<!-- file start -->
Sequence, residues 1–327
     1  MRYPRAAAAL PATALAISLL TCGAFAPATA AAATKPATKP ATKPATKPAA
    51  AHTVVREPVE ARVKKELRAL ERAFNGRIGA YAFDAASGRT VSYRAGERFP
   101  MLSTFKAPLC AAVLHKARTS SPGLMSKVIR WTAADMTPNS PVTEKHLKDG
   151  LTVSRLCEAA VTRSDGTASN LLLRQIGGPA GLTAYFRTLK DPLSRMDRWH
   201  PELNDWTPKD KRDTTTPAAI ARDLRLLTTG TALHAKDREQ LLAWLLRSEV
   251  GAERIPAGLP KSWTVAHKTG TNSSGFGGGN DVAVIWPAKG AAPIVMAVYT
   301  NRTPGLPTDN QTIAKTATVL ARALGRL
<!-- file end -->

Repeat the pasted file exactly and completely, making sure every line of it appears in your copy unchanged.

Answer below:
Sequence, residues 1–327
     1  MRYPRAAAAL PATALAISLL TCGAFAPATA AAATKPATKP ATKPATKPAA
    51  AHTVVREPVE ARVKKELRAL ERAFNGRIGA YAFDAASGRT VSYRAGERFP
   101  MLSTFKAPLC AAVLHKARTS SPGLMSKVIR WTAADMTPNS PVTEKHLKDG
   151  LTVSRLCEAA VTRSDGTASN LLLRQIGGPA GLTAYFRTLK DPLSRMDRWH
   201  PELNDWTPKD KRDTTTPAAI ARDLRLLTTG TALHAKDREQ LLAWLLRSEV
   251  GAERIPAGLP KSWTVAHKTG TNSSGFGGGN DVAVIWPAKG AAPIVMAVYT
   301  NRTPGLPTDN QTIAKTATVL ARALGRL